One of the famous ‘Shire’ counties that resides in leafy South East of England and the county that I was lucky enough to grow up in, I believe is woefully underrated as a visitor’s destination but then that’s what also keeps it so charming.
It’s usually known as commuter belt territory filled with country boltholes mostly owned by people looking to escape the frantic pace of the city. Although it’s also home to many pockets of extraordinary beauty with tranquil sweeping valleys, forested hills, fine stately homes, and sleepy historic villages so immaculately preserved and picturesque they have served as inspiration and a backdrop for the popular TV series Midsummer Murders.
It’s been used in a number of films from Bond to Bridget Jones and Harry Potter to Four Weddings and a Funeral, so if some of the scenery seems familiar you’ll know why! Chosen from my many years growing up and exploring this wonderful county, here are my favourite best and most beautiful places to visit in Buckinghamshire, England…
1. Chiltern Hills – the most stunning area to explore in Buckinghamshire
Easily one of the best places to visit in Buckinghamshire, the chalk hills are designated as an area of outstanding natural beauty and for good reason, nestled amongst them are numerous stunning village houses, pretty streams, tranquil woodlands, and very scenic walks.
The large and sprawling escarpment actually stretches across many counties such as Oxfordshire, Buckinghamshire, Hertfordshire, and Bedfordshire.
To explore some of the best spots in Buckinghamshire I would recommend walks starting in Ley Hill and Chartridge in Chesham, the Princes Risborough Ridgeway Circular Walk, Great Missenden, Seer Green-Beaconsfield Chilterns Country walk, Penn and Turville (also mentioned on this list).
As well as gorgeous landscapes and pretty villages, there’s plenty of nature, wildlife, and birds around, and is one of the few areas in the UK where you might spot a Red Kite which has a distinctive ‘V’ shaped tail.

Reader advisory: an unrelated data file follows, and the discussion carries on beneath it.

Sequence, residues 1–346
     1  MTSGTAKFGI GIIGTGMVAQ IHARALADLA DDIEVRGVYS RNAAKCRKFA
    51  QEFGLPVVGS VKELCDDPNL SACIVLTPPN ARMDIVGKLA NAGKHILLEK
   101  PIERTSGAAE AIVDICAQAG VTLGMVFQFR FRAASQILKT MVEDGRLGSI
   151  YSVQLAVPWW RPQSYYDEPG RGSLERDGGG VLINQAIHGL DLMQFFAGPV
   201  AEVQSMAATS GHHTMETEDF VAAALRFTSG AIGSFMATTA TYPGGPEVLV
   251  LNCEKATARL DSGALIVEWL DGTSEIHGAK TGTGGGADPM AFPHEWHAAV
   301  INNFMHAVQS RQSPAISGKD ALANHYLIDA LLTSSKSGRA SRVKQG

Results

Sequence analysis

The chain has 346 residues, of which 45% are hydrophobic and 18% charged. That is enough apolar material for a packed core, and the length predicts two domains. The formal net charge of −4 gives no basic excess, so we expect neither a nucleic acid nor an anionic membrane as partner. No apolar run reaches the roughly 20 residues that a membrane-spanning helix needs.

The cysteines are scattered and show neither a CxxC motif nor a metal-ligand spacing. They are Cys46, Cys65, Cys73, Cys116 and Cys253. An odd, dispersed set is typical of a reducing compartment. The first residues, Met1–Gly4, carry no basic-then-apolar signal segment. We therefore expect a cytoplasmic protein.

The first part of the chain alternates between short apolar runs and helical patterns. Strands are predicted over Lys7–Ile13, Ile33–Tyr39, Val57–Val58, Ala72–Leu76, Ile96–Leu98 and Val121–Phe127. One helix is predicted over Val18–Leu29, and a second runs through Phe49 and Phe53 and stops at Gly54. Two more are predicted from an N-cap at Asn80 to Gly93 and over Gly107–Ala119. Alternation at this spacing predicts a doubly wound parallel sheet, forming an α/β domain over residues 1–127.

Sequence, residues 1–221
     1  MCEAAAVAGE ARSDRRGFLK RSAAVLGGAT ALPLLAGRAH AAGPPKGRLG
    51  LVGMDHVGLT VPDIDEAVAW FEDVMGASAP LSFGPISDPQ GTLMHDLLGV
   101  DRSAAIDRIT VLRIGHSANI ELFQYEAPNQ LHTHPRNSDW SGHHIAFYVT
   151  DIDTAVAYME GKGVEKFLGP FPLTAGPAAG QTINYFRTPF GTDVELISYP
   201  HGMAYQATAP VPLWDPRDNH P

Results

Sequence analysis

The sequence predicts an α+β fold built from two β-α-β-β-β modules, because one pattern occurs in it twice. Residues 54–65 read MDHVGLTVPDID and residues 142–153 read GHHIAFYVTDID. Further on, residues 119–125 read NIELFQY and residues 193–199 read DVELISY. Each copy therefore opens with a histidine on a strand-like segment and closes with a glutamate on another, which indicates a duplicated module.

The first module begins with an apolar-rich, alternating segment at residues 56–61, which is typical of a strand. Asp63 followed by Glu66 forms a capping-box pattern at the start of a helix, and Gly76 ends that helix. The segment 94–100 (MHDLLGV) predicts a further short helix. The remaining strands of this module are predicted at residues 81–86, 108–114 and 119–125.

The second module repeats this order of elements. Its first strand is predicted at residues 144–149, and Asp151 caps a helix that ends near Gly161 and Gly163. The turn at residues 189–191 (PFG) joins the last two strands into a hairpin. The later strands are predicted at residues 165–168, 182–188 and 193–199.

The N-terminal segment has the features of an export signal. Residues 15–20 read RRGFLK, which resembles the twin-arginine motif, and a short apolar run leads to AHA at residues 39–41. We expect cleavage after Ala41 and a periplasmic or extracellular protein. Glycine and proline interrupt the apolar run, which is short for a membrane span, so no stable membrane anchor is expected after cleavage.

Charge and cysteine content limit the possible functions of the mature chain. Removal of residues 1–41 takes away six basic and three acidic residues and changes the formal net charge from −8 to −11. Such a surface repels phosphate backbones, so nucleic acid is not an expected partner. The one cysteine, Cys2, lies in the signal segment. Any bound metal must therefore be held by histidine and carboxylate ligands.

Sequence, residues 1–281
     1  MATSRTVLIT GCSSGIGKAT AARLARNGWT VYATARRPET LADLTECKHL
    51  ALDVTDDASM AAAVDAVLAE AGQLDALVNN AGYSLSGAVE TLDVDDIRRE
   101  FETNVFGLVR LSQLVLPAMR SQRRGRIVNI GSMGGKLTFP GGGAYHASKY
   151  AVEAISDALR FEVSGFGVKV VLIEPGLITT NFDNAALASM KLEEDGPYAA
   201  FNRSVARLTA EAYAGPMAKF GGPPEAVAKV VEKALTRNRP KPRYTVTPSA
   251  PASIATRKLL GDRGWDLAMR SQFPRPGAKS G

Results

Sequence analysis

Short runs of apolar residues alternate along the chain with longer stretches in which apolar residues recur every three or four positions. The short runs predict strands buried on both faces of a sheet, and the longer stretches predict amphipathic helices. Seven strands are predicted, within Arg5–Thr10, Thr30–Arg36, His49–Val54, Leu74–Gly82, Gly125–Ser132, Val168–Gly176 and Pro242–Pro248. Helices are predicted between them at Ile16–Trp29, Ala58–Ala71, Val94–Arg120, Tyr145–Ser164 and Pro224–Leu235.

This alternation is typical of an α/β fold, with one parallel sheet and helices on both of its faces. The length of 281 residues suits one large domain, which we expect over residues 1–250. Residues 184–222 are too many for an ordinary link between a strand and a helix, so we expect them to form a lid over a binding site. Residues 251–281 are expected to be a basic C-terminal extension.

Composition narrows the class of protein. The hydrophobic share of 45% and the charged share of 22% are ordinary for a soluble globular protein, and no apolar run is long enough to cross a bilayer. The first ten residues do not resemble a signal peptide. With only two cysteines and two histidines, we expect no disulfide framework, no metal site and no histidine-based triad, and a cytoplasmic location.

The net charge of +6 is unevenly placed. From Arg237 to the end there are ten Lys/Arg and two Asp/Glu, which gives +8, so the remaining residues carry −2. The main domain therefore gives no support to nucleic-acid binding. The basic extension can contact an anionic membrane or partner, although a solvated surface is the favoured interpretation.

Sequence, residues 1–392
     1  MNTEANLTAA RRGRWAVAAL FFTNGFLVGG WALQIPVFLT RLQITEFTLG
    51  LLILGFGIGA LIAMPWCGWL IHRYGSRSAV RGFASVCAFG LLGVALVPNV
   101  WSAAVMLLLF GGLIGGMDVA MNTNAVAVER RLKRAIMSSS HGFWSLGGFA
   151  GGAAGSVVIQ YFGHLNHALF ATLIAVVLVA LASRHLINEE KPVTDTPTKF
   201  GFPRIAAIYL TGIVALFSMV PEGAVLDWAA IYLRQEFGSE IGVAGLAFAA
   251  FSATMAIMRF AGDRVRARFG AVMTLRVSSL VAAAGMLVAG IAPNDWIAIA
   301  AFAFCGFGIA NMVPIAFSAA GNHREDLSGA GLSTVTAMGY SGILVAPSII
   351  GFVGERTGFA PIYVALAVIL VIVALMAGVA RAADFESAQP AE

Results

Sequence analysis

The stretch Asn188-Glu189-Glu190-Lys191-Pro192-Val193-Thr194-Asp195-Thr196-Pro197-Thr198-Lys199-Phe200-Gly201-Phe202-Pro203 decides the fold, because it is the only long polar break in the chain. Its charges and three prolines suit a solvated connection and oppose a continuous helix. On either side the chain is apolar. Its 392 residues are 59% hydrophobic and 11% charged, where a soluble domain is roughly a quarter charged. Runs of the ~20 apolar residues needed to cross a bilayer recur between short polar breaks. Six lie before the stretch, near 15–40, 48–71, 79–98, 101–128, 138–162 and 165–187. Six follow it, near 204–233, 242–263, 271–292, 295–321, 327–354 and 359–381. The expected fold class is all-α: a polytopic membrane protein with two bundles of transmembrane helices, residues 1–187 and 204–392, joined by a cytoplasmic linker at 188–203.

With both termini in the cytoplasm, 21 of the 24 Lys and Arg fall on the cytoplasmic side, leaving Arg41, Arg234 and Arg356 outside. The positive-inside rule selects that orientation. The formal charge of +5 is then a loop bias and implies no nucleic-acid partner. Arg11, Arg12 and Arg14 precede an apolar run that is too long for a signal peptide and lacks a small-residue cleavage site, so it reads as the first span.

2. Waddesdon Manor – the gorgeous former estate of Baron de Rothschild
Part country house, part gallery, part museum, and part wow-factor. If you want your head to be ablaze with decadent opulence, culture, and finery then Waddesdon Manor is the place for you. The manor was purpose-built by the Rothschild family in the 19th century to showcase fine works of art.
With love, care, and attention given ever since, it’s like an antique shop without the dust and damage. There are literal collections of rare and unique treasures, displays of fine art, and little interesting pieces dotted throughout the house.
Guided tours are available if you need to brush up on your knowledge. Failing all of that, the house and its grounds are simply lovely and very picturesque!
3. Ivinghoe Beacon – the famous Buckinghamshire beauty spot which offers truly incredible views
Some things are just worth it and this is particularly true of Ivinghoe Beacon which is both a prominent hill and a locally famous landmark in Buckinghamshire.
Whilst it might be a bit of a walk to get there, this is one of the most picturesque sights not just on the Ashridge Estate, but actually the entire county.